While Santillan and Lalo went on killing, Bencomo, his Ice colleagues and Assistant US Attorney Fielden were assembling their case. In December 2003 Fielden drew up a sealed indictment against Santillan. But although there was already some evidence of his involvement in killings, the indictment was only for trafficking, not murder. Before they could lure him to America and arrest him, they needed permission from the DoJ. They got it on 15 January, a day after Luis Padilla died.
But this did not bring the House of Death killings to an end. Under torture, one of Santillan's victims had revealed the address of Homer Glen McBrayer - a DEA special agent resident in Juarez who operated under diplomatic cover. At 6pm on 14 January, two men rang his doorbell continuously for 10 minutes. Afraid, his wife phoned him at work. McBrayer rushed home and ushered his wife and daughters into their car. As soon as they left the estate where they lived, they were stopped by a Mexican police car. Two civilian vehicles hemmed McBrayer's car in. Their occupants got out and waited while McBrayer talked to the cops. They were Santillan's men.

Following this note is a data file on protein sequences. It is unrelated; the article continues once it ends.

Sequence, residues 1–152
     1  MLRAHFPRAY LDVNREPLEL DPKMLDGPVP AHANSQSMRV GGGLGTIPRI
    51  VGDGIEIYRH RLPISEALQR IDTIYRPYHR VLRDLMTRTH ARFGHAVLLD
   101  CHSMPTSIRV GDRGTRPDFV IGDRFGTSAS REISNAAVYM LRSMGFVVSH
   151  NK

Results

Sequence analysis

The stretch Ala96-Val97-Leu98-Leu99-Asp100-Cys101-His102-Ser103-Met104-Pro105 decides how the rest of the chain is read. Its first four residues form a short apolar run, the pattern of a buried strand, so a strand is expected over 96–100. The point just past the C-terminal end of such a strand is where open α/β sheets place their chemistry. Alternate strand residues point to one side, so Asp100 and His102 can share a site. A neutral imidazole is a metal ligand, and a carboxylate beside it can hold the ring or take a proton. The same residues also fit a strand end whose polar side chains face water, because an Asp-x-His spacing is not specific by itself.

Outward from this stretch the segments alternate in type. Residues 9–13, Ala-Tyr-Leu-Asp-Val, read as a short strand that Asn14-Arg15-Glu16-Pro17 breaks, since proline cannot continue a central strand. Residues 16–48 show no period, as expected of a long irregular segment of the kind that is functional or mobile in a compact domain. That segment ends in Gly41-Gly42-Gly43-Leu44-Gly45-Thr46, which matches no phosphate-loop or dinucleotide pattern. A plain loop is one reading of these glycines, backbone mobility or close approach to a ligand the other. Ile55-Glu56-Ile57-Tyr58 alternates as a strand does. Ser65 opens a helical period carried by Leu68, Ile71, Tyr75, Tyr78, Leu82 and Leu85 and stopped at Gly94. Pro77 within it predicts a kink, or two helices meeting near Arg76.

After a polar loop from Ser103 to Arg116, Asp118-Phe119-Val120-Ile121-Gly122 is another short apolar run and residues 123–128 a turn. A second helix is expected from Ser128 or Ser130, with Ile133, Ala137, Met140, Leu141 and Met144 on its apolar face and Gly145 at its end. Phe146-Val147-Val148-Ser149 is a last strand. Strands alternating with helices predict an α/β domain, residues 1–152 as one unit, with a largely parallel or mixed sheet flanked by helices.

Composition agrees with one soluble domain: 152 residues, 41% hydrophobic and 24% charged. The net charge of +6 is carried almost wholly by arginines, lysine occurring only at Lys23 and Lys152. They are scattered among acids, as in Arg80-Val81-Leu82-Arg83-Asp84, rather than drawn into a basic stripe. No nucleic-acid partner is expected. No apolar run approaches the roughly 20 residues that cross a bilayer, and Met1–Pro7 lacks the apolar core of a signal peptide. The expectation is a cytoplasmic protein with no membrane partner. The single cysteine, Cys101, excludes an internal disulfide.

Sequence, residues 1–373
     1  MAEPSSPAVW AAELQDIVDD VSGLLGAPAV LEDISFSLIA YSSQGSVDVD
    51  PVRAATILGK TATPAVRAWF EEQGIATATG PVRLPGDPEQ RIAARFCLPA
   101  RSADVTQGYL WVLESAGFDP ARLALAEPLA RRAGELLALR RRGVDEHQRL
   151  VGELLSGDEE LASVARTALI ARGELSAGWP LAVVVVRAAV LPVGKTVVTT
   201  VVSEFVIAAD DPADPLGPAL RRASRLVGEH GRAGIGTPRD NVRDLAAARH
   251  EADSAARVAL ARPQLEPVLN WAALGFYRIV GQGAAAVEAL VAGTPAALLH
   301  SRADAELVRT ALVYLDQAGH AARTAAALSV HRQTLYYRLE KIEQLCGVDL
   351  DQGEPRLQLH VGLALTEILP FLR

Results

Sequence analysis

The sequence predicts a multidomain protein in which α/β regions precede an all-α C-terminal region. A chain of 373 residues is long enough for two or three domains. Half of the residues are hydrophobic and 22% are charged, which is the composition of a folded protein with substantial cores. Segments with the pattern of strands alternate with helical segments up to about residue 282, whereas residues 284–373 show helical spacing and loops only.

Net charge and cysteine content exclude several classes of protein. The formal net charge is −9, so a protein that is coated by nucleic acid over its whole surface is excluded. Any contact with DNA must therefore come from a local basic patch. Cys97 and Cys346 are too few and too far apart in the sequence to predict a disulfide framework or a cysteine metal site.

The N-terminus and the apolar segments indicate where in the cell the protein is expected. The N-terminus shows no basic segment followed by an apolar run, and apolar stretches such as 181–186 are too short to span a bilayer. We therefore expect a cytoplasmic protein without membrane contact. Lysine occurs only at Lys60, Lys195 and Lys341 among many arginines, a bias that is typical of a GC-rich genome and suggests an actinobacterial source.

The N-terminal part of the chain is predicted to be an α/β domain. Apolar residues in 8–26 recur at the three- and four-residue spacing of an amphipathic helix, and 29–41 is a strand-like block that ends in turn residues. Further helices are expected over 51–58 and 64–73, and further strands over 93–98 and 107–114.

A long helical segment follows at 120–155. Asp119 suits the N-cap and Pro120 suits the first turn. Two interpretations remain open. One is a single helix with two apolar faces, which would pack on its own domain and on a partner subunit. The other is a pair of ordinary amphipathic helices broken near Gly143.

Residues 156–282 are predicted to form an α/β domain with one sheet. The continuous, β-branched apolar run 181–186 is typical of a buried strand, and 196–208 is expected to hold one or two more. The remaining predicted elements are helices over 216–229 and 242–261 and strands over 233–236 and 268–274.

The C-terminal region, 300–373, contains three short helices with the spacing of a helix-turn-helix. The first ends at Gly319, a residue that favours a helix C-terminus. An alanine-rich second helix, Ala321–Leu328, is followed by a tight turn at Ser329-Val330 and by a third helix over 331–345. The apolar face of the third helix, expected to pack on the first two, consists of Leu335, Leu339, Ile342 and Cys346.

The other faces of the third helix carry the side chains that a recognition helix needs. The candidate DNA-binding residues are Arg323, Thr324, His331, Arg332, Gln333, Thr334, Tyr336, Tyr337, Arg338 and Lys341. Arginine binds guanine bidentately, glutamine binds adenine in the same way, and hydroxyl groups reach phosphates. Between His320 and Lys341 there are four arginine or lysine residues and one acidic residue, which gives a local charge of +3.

Having showed his diplomatic passport, McBrayer phoned a DEA colleague, who arrived within minutes. Unwilling, perhaps, to abduct two US agents, a woman and two children on a busy street, the cartel men backed off. As the standoff unfolded, Santillan twice called Lalo. He asked him to find out what he could about an American called Homer Glen - the corrupt police had not given McBrayer's surname. Santillan, claimed Lalo, said he thought he worked for the tres letras - code for the DEA - and intended to blow up his house.